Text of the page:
Real time PCR

RNA was isolated from all tissues using the RNeasy Mini Kit (QIAGEN). Using the High Capacity cDNA Reverse Transcription Kit (Applied Biosystems), we reverse transcribed 1–2μg of total RNA. The cDNA was diluted to 2 ng/μl and amplified by primers in a 20-μl reaction using SsoAdvanced SYBR Green Supermix (BioRad). We calculated mRNA using a 2^deltaCT relative to the average of the housekeeping genes cyclophilinA and rpl22 expression. All primers and gene information were previously reported (Lee et al., 2015) or provided in Table S1.

Western blots

Liver homogenates from 16-week HFD or acute insulin injected Cpt2 lox/lox and Cpt2L−/− mice were prepared using 1x RIPA buffer with protease and phosphatase inhibitors. The protein concentration was measured using the Pierce BCA Protein Assay kit (Thermo Scientific). We used 30μg of protein on an SDS-PAGE and then transferred it to a nitrocellulose (Protran BA 83, Whatman) membrane. We then blocked with 3% BSA-TBST (Tris-buffered saline with Tween20). The membranes were probed with antibodies Pcx (Cell Signaling), Acly (Cell Signaling), Total Acc (Cell Signaling), Fasn (BD Biosciences), Scd1 (Cell Signaling), Hsp27 (Cell Signaling), Mitoprofile (Abcam) and Hsc70 (Santa Cruz Biotechnology) diluted 1:1000 with 3% BSA in TBST. Hsc70 used the appropriate Cy3 fluorescent secondary antibody, and the other primary antibodies used corresponding secondary antibodies conjugated to horseradish peroxidase. Images were collected using an Alpha Innotech FluorChemQ and presented with minimal image processing.

Statistical analysis

Data were analyzed with the assistance of Prism. Significance was determined using an unpaired two-tailed t test for single variable experiments and two-way ANOVA with Bonferroni post hoc correction for multiple variable experiments.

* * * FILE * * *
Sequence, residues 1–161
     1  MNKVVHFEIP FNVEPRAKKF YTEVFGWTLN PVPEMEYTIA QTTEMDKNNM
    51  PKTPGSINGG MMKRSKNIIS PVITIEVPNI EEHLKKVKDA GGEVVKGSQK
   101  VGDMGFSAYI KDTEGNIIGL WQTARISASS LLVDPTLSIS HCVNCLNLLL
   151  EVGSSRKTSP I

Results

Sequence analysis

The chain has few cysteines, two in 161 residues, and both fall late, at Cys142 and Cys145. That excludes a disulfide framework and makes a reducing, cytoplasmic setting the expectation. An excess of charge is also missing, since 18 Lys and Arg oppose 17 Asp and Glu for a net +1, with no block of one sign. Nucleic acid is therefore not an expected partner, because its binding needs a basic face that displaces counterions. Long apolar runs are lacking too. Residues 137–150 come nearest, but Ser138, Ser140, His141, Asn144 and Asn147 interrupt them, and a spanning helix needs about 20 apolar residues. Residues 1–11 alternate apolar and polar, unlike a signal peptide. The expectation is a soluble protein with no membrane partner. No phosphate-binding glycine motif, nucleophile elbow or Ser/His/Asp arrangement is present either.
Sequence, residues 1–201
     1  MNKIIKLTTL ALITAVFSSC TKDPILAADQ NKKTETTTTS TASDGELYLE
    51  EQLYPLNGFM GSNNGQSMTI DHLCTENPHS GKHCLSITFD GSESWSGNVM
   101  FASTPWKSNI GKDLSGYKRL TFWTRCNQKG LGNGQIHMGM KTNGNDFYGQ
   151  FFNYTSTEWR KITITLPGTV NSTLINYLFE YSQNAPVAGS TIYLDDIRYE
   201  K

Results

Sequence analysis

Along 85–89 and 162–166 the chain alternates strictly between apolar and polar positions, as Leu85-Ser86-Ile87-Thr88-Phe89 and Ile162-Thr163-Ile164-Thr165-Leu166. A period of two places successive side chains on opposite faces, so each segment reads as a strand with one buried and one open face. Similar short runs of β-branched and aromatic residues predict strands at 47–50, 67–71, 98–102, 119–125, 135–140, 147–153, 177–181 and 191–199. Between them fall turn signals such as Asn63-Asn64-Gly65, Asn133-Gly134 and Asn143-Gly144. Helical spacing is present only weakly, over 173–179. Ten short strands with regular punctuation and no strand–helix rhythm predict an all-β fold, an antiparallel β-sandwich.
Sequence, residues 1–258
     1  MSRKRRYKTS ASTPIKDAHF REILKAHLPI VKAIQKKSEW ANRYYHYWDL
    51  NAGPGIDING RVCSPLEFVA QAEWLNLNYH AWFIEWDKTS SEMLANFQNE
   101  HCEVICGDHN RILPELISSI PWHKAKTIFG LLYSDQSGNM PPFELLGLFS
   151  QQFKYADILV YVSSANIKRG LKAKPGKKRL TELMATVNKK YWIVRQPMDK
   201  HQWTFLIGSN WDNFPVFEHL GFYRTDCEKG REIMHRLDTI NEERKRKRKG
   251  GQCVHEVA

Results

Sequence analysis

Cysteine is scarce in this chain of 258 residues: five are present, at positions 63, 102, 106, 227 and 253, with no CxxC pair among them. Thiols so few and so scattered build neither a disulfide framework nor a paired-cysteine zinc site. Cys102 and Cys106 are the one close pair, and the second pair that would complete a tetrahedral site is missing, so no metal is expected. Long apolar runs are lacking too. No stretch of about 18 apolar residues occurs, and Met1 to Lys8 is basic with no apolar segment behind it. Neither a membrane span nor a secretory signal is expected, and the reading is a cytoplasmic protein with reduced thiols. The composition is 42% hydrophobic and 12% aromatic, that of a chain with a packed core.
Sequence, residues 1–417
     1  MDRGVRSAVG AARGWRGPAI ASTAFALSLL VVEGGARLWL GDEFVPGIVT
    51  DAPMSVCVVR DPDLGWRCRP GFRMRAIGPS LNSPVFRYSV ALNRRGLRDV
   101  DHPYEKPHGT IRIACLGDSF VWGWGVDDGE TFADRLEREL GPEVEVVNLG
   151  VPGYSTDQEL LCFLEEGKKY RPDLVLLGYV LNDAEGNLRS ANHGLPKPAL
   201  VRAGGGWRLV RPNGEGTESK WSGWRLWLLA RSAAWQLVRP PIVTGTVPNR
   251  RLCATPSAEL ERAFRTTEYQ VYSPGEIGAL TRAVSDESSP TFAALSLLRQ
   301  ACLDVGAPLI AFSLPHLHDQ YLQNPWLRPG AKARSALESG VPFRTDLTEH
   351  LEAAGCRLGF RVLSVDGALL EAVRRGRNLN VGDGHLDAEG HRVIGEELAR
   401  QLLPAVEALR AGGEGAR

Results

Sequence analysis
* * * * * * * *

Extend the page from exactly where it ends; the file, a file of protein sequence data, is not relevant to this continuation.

Highlights

  • Loss of hepatic fatty acid oxidation (FAO) confers resistance to obesity.
  • Loss of hepatic FAO results in beneficial hormesis.
  • The suppression of FAO is sufficient to improve diet-induced glucose intolerance.
  • Resistance to obesity results from increased energy expenditure.

Supplementary Material

Acknowledgments

We would like to thank Natasha Zachara for essential reagents, Susan Aja for metabolic cage studies and Caitlyn Bowman for helpful discussion. We would like to thank Ann Moser at the Kennedy Krieger Institute for assistance in GC/MS analysis of fatty acids. This work was supported in part by a National Institutes of Health grant R01NS072241 and American Diabetes Association grant #1-16-IBS-313 to M.J.W. The bone phenotyping was performed at the Baltimore Diabetes Research Center and funded by NIH grant DK079637. Part of this study was performed at the National Mouse Metabolic Phenotyping Center at UMass Medical School and funded by NIH grant U2C-DK093000.

Footnotes

Conflict of interest

The authors declare that they have no conflicts of interest with the contents of this article.

Author contributions

J.L., J.C, E.S.A. and R.C.R. conducted the experiments and analyzed the results. E.S.A. conducted the NMR experiments and analyzed the results. E.S.A, L.Z. and T.H. conducted the isotopologue labeling experiment. M.J.W. conceived the idea for the project. J.L. J.C. and M.J.W. wrote the paper with input and approval of all authors.